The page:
AQHA Best Remuda Award
AQHA Corporate Partner Zoetis is proud to support this prestigious award.
Remuda: "The herd of horses from which those to be used for the day are chosen."
To honor the contributions that ranch horses have made to the heritage of the American Quarter Horse, the American Quarter Horse Association and Zoetis present the Best Remuda Award. The award began in 1992 and has since recognized 23 outstanding ranches for their efforts in raising American Quarter Horses, an important tool of their trade.
Any ranch that has five or more American Quarter Horse mares used to produce horses for ranch work and is a member of AQHA is eligible for this award. We encourage you to nominate your ranch or a ranch you feel would be deserving of the Best Remuda Award.
An International Best Remuda Award also will be given in 2018 to recognize international ranchers outside of the United States that take pride in their remuda program.
To apply for the Best Remuda Award, download an application:
International ranches (Canada, Mexico and other countries)
Winners of the Best Remuda Award
Fifty-five years of selective breeding have gone into the ranch horses that wear the Flying B brand.
2015 – 75-Year Breeders were honored
Historically, there has been some confusion on the location of Muleshoe Ranch. Most people seem to think that it’s located at Muleshoe, Texas. It’s not, although it was at one time.
Cattle and cowboys have been on this ranch for 136 years, ever since 1877, when Henry H. Campbell established a ranch about 80 miles northeast of what would be come Lubbock, Texas.
When Henry Singleton bought the 81,000-acre San Cristobal Ranch, south of Santa Fe, New Mexico, in the mid-1980s, people familiar with Henry had to wonder what was going on. That purchase did not fit the pattern of businesses that Henry had been buying.
It was an ususual spring, and one like it everyone hopes not to see again soon. Dry and hot. Unusually dry and unusually hot. And windy. Of course, everyone knows the wind blows during the spring in West Texas, but every day?
In 1889, when Isaac Ellwood stepped down from the train in the West Texas town of Colorado (known today as Colorado City), he knew he had come to the right place. The railroad shipping pens were full of cattle.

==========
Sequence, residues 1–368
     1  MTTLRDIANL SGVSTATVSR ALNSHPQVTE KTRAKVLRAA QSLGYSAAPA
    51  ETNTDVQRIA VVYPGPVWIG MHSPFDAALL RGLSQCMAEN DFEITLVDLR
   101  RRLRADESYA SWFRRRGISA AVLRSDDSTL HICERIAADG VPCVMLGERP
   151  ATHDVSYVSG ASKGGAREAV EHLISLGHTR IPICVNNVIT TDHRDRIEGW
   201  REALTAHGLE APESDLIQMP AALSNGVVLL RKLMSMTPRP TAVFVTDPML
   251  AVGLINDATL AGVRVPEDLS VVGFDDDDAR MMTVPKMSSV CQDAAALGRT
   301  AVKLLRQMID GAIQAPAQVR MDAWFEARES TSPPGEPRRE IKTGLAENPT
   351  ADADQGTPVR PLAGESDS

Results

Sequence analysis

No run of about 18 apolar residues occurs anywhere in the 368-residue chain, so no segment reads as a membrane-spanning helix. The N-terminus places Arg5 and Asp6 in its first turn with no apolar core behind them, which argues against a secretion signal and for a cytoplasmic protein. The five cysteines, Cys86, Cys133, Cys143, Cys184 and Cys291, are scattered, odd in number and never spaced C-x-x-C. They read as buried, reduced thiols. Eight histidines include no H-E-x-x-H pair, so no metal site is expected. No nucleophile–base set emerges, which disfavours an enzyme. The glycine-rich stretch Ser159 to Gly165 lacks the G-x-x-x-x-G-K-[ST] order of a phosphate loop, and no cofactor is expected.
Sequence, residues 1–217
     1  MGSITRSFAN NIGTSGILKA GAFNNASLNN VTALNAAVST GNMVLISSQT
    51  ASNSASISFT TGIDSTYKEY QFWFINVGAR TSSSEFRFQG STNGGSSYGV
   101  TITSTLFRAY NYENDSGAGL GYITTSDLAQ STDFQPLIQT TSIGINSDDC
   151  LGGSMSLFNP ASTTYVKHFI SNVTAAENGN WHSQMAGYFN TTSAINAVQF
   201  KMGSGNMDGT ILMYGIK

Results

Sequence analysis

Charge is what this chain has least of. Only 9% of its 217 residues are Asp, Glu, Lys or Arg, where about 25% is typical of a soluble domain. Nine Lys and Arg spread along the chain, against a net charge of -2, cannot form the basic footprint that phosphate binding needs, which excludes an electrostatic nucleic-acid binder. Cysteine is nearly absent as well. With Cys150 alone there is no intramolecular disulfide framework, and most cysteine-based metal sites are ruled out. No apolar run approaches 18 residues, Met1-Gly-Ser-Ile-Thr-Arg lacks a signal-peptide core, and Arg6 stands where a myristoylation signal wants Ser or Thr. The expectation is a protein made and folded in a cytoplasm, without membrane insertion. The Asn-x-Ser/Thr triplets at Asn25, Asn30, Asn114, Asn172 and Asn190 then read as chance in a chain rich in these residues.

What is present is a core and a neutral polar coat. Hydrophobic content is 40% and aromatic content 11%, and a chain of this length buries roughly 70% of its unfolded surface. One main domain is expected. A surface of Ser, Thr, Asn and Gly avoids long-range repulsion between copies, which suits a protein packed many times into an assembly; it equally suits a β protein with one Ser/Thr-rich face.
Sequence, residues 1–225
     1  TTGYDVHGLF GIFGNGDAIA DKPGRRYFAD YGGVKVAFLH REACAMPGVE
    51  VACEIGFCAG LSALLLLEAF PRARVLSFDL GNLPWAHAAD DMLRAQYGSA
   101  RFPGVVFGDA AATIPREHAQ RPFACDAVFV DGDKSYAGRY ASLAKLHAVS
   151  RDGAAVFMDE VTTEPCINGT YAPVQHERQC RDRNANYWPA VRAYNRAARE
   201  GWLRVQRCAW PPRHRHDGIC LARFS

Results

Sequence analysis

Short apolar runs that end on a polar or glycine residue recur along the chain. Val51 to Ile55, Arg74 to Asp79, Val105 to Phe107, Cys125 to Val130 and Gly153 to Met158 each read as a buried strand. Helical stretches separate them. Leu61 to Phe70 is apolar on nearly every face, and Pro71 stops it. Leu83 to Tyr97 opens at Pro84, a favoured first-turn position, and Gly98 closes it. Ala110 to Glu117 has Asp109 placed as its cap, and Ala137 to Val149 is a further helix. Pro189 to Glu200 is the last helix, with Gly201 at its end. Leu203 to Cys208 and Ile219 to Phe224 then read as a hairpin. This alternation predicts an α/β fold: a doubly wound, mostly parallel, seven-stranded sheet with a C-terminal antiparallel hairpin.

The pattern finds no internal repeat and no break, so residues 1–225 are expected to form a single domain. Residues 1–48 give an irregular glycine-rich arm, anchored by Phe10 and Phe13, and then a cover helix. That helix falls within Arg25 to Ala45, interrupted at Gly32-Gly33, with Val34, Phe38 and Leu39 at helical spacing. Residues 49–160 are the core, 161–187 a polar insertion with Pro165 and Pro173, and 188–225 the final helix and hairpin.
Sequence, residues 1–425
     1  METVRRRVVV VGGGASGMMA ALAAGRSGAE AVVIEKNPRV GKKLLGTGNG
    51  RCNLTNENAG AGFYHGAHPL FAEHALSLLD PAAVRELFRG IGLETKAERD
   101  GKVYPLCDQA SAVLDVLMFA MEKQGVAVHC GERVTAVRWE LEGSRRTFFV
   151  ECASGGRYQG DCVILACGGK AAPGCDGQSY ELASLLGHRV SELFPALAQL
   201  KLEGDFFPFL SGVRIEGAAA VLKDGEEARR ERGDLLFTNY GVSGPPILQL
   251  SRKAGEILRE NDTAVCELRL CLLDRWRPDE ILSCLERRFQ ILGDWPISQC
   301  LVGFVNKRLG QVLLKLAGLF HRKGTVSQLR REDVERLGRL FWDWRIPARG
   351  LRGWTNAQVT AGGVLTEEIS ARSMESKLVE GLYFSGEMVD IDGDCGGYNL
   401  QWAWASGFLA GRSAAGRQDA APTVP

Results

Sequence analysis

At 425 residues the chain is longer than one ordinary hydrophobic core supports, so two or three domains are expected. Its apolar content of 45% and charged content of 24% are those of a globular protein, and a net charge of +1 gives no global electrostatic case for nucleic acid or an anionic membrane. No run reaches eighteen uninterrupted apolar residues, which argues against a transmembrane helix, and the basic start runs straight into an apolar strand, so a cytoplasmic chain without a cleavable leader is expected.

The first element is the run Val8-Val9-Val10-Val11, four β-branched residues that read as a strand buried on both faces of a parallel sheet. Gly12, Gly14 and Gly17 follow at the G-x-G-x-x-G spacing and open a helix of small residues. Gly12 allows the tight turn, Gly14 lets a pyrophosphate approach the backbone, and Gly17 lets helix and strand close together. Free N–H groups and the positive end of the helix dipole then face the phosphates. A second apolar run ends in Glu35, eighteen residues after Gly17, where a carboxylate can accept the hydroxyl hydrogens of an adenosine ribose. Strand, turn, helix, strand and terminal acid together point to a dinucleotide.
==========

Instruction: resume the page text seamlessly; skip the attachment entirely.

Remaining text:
Howard Haythorn came to Maxwell on horseback at age 13, helping his father trail in a herd of cattle and horses to their new home.
The Moorhouse ranching tradition began in the 1800s when Edward Moorhouse raised cattle in Texas and Oklahoma’s Indian Territory. Edward’s youngest son, Togo, purchased land in the 1930s that would grow into the operation that is today Moorhouse Ranch Co.
Today, the S Ranch is still owned and operated by the Scott family – John Scott Jr., John Scott III, Jim Scott, Maggie Scott Brown and Sissy Scott Croft are all general partners of the 227,000-acre ranch (including leases).
The Cogdell family has made a name for itself in two areas – ranch horses and cutting horses.
Established in 1886, Babbitt Ranches is one of the largest and most historic ranches in Arizona.
Douglas Lake Cattle Co. is a town of itself. It has a store, post office, school and church. It’s also the largest ranch in Canada.
Almost everyone’s vision of a desert is that of a dry, sandy area, almost void of vegetation and with unrelenting heat. That’s not necessarily so – especially in the winter and early spring.
Henry Green said that when his father stepped down from the train, he was the maddest man that Henry had ever seen. And the thing about it, he was mad at Henry.
The Van Norman family is a steward of the land and prides itself in continuing the traditions set forth by their parents and grandparents, the late Charlie and Della Van Norman.
When Frank Springer topped a rise and looked down on the little village of Cimarron, New Mexico, in February 1873, two things immediately struck him – the snow-covered peaks to the west, and the rolling short grass prairies to the east.
The 118-year-old Pitchfork Ranch breeds good horses by necessity, because no modern convenience can take their place in rugged terrain.
When R.A. (Rob) Brown Jr.'s grandfather established his Throckmorton, Texas, ranch in 1903, one of the first things he did was to make sure he had some top horses.
For more than a century, the Barby family has made its living on horseback, herding cattle on the sprawling Bar B Ranch, east of Beaver, Oklahoma.
The oldest family ranch in Oklahoma doesn't rest on historical markers or tradition. Stuart Ranch, carved out of Indian Territory in 1868, is in the midst of a renaissance, a rebirth, thanks to strategic efforts by the Stuart family and ranch personnel.
Turning back through the pages of Texas horse history, it may be said that in his time, (W.T. Waggoner) owned or used most of the great Texas horses of his day.
Raising good ranch horses was always a goal with Samuel Burk Burnett, legendary founder of the Four Sixes Ranch. He found his calling early, and joined his father in the cattle business in Denton County, Texas, when Burk was only 19 years old.
Few ranches in America today are as reliant on horses as the Haythorn Land & Cattle Co. Others are bigger, land-wise, but the Haythorn is the largest breeder of American Quarter Horses in the United States.